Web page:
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6th Seminar of the “D2 Seminar Series” – Florence Center for Data Science

October 29, 2021 @ 14:00 - 15:30

The Florence Center for Data Science is happy to present the sixth Seminar of the “D2 Seminar Series” launched by the FDS. The Seminar will be held online Friday 29th of October 2021, from 2.30-4 pm.

The seminar will be held by Giulia Iori from the Department of Economics, School of Social Science of the City University of London and Massimo Fornasier from the Department of Mathematics of the Technical University of Munich.

Register in advance for this webinar:

After registering, you will receive a confirmation email containing information about joining the webinar.


Speaker: Giulia Iori – Department of Economics, School of Social Science of the City University of London

Title: Performance-based research funding: Evidence from the largest natural experiment worldwide

Abstract: The Research Excellence Framework (REF) is the main UK government policy on public research in the last 30 years. The primary aim of this policy is to promote and reward research excellence through competition for scarce research resources. Surprisingly, and despite the severe criticisms, little has been done to systematically evaluate its effects. In this paper, we evaluate the impact of the REF 2014. We exploit a large database that contains all publications in Economics, Business, Management, and Finance available in Scopus since 2001. We use a synthetic control method to compare the performance of each of the universities from the UK with counter-factual similar units in terms of past research constructed using data for US universities. We find a significant positive increase, relative to the control group, in the number of published papers, and in the proportion of papers published in highly ranked journals within the Economics/Econometrics area and the Business, Management and Finance area. Both Russell and non-Russell Group universities benefited from the REF, with the Russell Group universities experiencing an overall significant increase in the number of publications and number of publications in top journals, and the non-Russell group experiencing a significant increase in the proportion of publications in top journals in all areas. Interestingly, the non-Russell group experienced a comparatively stronger increase in the proportion of top publications in Economics/Econometrics while the Russell Group experienced a comparatively stronger increase in the proportion of top publications in Business, Management and Finance. However, we see an insignificant effect when we focus on per-author output measures indicating that growth in output was mostly achieved by an increase in the number of research active academics rather than an overall increase in research productivity.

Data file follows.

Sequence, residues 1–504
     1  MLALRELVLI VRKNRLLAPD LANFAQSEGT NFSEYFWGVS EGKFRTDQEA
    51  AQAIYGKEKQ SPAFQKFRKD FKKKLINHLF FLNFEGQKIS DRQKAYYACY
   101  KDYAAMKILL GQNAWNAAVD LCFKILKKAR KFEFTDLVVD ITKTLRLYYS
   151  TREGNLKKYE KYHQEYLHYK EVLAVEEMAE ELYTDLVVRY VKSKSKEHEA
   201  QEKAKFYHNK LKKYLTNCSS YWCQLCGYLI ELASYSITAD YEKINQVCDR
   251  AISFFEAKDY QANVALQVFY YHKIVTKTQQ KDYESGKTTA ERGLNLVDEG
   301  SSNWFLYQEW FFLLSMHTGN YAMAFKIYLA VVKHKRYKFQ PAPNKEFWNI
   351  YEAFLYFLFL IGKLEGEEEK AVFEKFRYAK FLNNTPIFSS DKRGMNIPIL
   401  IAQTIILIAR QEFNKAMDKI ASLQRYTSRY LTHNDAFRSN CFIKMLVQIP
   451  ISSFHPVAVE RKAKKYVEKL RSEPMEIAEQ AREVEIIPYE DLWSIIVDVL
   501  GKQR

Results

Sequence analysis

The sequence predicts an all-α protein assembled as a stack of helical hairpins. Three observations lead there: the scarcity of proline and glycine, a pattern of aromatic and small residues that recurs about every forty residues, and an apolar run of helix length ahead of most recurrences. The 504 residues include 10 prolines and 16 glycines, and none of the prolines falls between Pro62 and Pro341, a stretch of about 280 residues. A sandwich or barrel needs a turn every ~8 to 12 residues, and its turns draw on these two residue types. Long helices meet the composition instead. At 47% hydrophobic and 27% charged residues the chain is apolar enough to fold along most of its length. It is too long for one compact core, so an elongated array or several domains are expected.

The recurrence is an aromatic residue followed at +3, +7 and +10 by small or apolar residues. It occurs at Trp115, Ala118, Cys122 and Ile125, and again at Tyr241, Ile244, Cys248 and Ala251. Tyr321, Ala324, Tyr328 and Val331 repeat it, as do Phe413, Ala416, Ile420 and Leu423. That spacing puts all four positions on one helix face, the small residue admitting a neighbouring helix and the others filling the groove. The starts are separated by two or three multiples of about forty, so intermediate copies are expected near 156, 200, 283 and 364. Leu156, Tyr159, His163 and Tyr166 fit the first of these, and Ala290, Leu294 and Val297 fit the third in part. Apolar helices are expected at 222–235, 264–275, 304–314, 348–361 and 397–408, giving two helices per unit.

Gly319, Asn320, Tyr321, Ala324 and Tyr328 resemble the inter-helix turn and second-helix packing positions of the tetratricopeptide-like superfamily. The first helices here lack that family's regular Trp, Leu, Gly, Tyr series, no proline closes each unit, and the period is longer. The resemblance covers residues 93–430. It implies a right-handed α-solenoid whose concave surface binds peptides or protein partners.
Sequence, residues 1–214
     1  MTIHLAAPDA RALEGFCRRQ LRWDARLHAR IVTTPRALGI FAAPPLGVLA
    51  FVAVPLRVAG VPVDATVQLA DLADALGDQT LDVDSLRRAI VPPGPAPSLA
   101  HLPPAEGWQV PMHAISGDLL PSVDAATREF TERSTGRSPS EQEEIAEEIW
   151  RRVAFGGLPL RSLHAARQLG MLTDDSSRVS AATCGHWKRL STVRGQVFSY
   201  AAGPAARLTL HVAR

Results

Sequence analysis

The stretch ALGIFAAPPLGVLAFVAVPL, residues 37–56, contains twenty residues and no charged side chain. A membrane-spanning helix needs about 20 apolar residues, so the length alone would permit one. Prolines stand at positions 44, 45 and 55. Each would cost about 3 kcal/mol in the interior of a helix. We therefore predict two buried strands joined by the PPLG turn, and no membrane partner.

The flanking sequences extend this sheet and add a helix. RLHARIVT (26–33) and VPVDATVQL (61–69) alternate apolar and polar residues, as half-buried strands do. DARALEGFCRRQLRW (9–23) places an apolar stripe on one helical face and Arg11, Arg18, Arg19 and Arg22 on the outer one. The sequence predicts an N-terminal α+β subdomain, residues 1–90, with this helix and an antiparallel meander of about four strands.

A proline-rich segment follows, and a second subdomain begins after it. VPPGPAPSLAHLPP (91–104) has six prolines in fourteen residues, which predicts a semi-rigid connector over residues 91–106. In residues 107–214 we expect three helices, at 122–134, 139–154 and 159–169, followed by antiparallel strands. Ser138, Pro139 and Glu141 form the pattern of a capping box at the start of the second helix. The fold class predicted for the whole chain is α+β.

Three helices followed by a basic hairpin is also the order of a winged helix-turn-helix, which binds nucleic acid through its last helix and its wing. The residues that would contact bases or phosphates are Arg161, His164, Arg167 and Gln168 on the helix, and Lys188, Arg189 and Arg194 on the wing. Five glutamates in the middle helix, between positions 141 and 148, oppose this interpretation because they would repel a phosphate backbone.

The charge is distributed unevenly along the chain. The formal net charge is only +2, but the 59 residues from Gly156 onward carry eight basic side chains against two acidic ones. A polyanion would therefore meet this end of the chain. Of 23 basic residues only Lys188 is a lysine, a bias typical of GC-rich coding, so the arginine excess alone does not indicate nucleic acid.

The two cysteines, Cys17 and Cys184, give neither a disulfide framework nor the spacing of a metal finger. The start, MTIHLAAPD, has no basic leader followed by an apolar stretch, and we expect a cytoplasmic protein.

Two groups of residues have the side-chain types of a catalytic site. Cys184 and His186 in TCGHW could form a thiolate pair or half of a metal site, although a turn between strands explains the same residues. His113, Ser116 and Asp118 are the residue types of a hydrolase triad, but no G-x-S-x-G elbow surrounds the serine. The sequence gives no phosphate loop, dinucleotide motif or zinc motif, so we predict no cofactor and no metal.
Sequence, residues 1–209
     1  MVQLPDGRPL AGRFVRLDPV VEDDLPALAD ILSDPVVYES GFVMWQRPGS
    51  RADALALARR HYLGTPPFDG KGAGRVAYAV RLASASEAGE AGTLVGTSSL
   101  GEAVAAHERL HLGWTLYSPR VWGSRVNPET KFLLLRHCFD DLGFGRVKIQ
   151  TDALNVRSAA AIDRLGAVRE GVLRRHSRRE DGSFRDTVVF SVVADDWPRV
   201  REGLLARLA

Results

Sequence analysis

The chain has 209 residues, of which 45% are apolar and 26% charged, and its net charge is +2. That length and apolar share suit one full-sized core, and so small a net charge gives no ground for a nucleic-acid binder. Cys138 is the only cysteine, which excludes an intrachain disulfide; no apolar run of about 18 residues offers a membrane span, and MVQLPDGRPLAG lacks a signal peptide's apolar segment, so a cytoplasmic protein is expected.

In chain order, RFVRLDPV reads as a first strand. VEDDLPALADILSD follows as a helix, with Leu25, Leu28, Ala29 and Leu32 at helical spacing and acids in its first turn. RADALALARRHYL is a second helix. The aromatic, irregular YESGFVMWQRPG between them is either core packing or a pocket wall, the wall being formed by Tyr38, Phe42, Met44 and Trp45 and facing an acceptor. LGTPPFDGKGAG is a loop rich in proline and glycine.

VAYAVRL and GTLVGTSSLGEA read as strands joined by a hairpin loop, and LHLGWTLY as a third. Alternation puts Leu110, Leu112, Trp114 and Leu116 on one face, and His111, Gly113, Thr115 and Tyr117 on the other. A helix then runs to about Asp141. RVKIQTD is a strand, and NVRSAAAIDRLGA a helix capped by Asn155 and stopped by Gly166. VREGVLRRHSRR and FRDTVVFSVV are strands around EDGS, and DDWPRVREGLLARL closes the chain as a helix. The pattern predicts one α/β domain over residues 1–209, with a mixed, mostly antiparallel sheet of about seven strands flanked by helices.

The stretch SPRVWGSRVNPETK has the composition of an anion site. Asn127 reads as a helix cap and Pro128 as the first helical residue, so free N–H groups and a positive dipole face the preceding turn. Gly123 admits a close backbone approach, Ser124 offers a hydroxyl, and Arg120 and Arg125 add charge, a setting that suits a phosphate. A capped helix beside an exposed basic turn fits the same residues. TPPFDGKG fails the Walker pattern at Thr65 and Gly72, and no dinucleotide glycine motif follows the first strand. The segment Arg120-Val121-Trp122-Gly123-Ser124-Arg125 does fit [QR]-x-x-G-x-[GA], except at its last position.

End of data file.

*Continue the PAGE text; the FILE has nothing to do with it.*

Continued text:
Speaker: Massimo Fornasier – Department of Mathematics of the Technical University of Munich

Title: Consensus-based optimization

Abstract: Consensus-based optimization (CBO) is a multi-agent metaheuristic derivative-free optimization method that can globally minimize nonconvex nonsmooth functions and is amenable to theoretical analysis. In fact, optimizing agents (particles) move on the optimization domain driven by a drift towards an instantaneous consensus point, which is computed as a convex combination of particle locations, weighted by the cost function according to Laplace’s principle, and it represents an approximation to a global minimizer. The dynamics are further perturbed by a random vector field to favor exploration, whose variance is a function of the
distance of the particles to the consensus point. Based on an experimentally supported intuition that CBO always performs a gradient descent of the squared Euclidean distance to the global minimizer, we show a novel technique for proving the global convergence to the global minimizer in mean-field law for a rich class of objective functions. We further present formulations of CBO over compact hypersurfaces. We conclude the talk with a few numerical experiments, which show that CBO scales well with the dimension and is extremely versatile.

https://arxiv.org/pdf/2103.15130.pdf to appear in Found. Comput. Math.
https://arxiv.org/pdf/2001.11994.pdf appeared in M3AS
https://arxiv.org/pdf/2001.11988.pdf appeared in J. Mach. Learn. Rech
https://arxiv.org/pdf/2104.00420.pdf to appear in SIAM J. Opt.


October 29, 2021
14:00 - 15:30
Event Category:


Florence Center For Data Science
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